Cryptocurrency lender Genesis Global Holdco filed for bankruptcy late Thursday, the latest crypto firm to do so following the collapse of FTX, the exchange founded by Sam Bankman-Fried.
A year ago, Genesis and a group of other major lenders attracted millions of customers with the promise that they could deposit their crypto holdings and earn sky-high returns. But Genesis’ bankruptcy filing makes it the fourth major cryptocurrency lender to fail since last spring, when a downturn in the digital asset market sent prices plummeting. Other major lenders that went bankrupt include Celsius Network and Voyager Digital, whose customers lost billions of dollars in deposits.
Genesis survived longer, but suffered the effects of FTX’s implosion. In November, Genesis said it froze footage, citing “market unrest” caused by the bankruptcy of Mr. Bankman-Fried’s company.
The bankruptcy court in the Southern District of New York covered three entities: Genesis Global Holdco and two of its subsidiaries, Genesis Global Capital and Genesis Asia Pacific.
Genesis is a subsidiary of the Digital Currency Group, the crypto conglomerate founded by Barry Silbert in 2015. Mr. Silbert’s management and problems at Genesis have recently brought him into conflict with two other prominent crypto executives, Cameron and Tyler Winklevoss, who the exchange of Gemini.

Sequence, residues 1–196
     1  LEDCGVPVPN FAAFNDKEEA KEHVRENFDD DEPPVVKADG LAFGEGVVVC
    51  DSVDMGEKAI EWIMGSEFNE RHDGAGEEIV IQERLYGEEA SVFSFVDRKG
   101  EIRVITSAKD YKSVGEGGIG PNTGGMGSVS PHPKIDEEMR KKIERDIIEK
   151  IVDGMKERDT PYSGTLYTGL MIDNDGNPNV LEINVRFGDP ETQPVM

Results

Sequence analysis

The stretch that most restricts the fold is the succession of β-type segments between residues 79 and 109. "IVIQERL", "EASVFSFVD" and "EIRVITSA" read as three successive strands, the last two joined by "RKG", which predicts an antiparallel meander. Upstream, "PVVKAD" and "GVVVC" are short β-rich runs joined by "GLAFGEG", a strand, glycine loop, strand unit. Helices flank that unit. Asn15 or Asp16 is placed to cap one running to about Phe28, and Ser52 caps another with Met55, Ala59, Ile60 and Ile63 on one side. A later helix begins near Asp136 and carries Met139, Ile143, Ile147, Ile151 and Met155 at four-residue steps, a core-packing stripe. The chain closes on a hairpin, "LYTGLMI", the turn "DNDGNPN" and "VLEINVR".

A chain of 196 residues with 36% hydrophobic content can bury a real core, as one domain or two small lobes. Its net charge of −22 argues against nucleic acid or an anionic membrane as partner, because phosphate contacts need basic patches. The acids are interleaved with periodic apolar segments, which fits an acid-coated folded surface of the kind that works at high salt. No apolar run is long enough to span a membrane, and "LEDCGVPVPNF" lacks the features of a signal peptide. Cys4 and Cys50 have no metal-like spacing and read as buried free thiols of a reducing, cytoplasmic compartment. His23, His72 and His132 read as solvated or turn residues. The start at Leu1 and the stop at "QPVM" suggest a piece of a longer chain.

Last week, the Securities and Exchange Commission accused Genesis of offering unregistered securities in conjunction with Gemini. Gary Gensler, the SEC chairman, said at the time that Genesis and Gemini had circumvented “investor protection disclosure requirements.”
The Winklevos have publicly accused of Genesis’ parent company, DCG, of garaging to maintain funds belonging to its customers. They have also alleged that DCG and Genesis misrepresented financial information and mischaracterized the value of company assets to create the impression that Genesis was in better health than it was.
The SEC’s charges against Genesis and Gemini were part of a broader crackdown on cryptocurrency lenders. In February, the agency announced $100 million in fines against BlockFi, a cryptocurrency lender. BlockFi filed for bankruptcy in November, making it one of the first major victims of the FTX collapse.
Earlier on Thursday, the SEC announced a $45 million settlement with another crypto lending firm, Nexo, for violating securities laws.
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